List of parts used:
Raspberry Pi Model A
wireless usb adapter (based on RTL8192cu chipset)
usb to micro usb cable
3.5mm audio to 3.5mm audio cable
2GB or larger SD card
12v USB power adapter (maybe depends on car)
Raspberry pi case (built or purchased)
Here is the link to download the image https://dl.dropboxusercontent.com/u/6715184/minipi.7z
. Windows users will need 7-zip to expand the image and then use win32-diskimager to write the image to a 2GB or larger SD card.
This is based on latest raspian image, is setup for US keyboard and locale, is overclocked to 800mhz and has memory set to minimum amount for GPU. Uses default user and password of pi and raspberry .
The default SSID is MINIPI and password is DontBlink .
The files you will want to edit are as follows:
/etc/hostapd/hostapd.conf - where you configure the SSID and password for the wifi network
/etc/init.d/shairport - where you set the name of the airplay receiver.
You can edit these files after the pi has booted by joining its wifi and connecting with ssh. I use iSSH on my iPad to do any tweaking. Using putty on a windows laptop or desktop (with a wifi adapater) works just as well.
I have a 2009 MINI Cooper and wanted to add the ability to stream pandora from my iPhone to my car. The car has bluetooth but doesn't support A2PD for streaming. The car does have traditional iPod support and an AUX in port. So having a model A pi sitting on the shelf needing a project I set out to solve the problem. I had found other projects with similar goals but many of them require you to use your phone or tablet as a hotspot. I wanted to avoid this as many service providers including mine charge an insane monthly fee for the ability to use this built into the OS feature. First I got airplay (shairport) working on my local network and tested the sound output. The original build using the master branch of shairport had mixed results. I switched over to the dev-1.0 branch and found the sound output was stable and used less cpu/memory. Next up was to make my wifi adapter based on the RTL8192cu chipset work as a hotspot. After following 3 different guides I was able to connect to the pi as a hotspot, but airplay/shairport would not work. I tried many things trying to find the magic combo to get it work with no luck. Then one day I stumbled across this guide http://learn.adafruit.com/setting-up-a- ... t/overview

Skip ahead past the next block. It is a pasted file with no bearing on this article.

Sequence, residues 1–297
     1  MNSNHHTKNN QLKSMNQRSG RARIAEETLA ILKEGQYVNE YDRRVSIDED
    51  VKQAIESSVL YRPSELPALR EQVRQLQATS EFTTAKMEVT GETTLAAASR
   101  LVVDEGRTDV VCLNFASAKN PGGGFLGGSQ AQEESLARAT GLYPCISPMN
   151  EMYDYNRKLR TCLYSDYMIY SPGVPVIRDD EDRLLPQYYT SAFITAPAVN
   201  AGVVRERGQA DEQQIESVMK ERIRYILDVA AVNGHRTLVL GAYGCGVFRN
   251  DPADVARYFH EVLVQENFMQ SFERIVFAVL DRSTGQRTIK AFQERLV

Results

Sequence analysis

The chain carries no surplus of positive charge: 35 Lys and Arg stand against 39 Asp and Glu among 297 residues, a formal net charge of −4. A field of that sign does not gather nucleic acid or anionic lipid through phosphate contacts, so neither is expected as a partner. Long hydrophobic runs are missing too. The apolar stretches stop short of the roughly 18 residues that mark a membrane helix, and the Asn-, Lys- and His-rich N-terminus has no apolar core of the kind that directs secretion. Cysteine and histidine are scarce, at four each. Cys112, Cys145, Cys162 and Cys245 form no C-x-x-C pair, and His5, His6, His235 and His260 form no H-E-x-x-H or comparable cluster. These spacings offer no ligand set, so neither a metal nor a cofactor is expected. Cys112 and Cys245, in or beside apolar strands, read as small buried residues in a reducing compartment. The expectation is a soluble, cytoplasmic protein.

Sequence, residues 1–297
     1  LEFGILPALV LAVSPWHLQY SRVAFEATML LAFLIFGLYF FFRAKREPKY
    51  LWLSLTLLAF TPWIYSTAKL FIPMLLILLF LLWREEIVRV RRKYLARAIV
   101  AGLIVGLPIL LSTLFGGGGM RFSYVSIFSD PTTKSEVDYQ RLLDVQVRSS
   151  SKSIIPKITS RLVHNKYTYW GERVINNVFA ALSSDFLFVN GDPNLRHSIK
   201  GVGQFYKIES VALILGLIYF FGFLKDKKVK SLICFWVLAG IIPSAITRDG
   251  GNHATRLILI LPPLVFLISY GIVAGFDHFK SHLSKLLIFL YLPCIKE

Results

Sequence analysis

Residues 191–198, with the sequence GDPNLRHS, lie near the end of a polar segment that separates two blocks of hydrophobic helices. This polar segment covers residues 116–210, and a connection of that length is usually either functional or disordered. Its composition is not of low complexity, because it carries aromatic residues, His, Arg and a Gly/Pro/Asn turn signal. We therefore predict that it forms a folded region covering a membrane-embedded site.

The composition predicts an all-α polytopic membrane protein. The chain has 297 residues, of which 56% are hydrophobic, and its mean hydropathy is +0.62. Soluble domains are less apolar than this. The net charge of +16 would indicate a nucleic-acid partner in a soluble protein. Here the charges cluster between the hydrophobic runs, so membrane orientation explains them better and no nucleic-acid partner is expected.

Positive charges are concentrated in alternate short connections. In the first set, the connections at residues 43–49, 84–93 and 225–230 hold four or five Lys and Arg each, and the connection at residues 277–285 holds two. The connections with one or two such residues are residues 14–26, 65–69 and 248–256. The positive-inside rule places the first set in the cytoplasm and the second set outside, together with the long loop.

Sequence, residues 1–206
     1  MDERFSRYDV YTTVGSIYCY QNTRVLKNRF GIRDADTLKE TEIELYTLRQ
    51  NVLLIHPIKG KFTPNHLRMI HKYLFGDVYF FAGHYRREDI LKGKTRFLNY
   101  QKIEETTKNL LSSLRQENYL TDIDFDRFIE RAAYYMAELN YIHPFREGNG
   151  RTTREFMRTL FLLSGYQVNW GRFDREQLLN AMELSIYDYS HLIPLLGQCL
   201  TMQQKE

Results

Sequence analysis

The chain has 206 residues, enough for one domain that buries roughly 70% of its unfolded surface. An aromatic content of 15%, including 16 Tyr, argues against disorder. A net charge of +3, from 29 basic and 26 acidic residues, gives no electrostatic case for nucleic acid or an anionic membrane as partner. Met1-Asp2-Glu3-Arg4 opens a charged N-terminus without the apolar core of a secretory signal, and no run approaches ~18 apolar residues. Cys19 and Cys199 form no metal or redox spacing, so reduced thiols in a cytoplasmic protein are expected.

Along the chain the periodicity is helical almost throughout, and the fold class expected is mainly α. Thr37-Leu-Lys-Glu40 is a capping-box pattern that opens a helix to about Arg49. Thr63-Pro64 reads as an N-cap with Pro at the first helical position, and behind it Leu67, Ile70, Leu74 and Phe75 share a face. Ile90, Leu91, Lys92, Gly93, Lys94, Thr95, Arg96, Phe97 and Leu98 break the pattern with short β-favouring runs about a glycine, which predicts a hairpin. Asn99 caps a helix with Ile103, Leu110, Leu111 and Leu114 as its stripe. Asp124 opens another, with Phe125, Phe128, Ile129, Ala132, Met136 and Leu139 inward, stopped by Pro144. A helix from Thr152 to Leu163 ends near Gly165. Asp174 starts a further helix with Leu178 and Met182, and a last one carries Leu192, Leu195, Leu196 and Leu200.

on adafruit. There were two things different in this guide than the others I had followed. 1. Using the pre-built binary from adafruit instead of building from source. 2. Removing WPASupplicant. These changes fixed the issue and now using airplay was as simple as joining the pi based wifi and picking the airplay receiver from the app. It took some experimenting but I figured out that as long as I don't send a DNS server address to the device I can still use my cell data to pull in Pandora or other streaming music while sending it out over wifi to the pi.
The main parts of the project now working I started testing to see how stable the setup was and what kind of issues I might see in use. After this testing I found that at times running without a keyboard the wifi adapter would not properly start and as such the hostapd and dhcp servers could fail. So I made some changes and have all the services start in the proper order at the end of the boot process using /etc/rc.local file. I have tested this setup on 2GB class 4 SD cards through 16Gb class 10 cards on 256MB model B, 512MB model B, and Model A Pis and feel the setup is stable enough to release out into the wild.
I use iSSH on my iphone with a connection setup for the pi and sends the command "sudo init 0" to gracefully shutdown the pi when I remember. I have not had any problems so far in the 3 weeks of use in car with a corrupted SD card. In the car I use the built-in usb port which powers on when I open the door and shuts down with the external lights after exiting the car. I built a case using the container an iPod touch came in with a little dremel work, some superglue and plastic standoffs. I plan to add a push button or toggle button to gracefully power down the pi in the near future.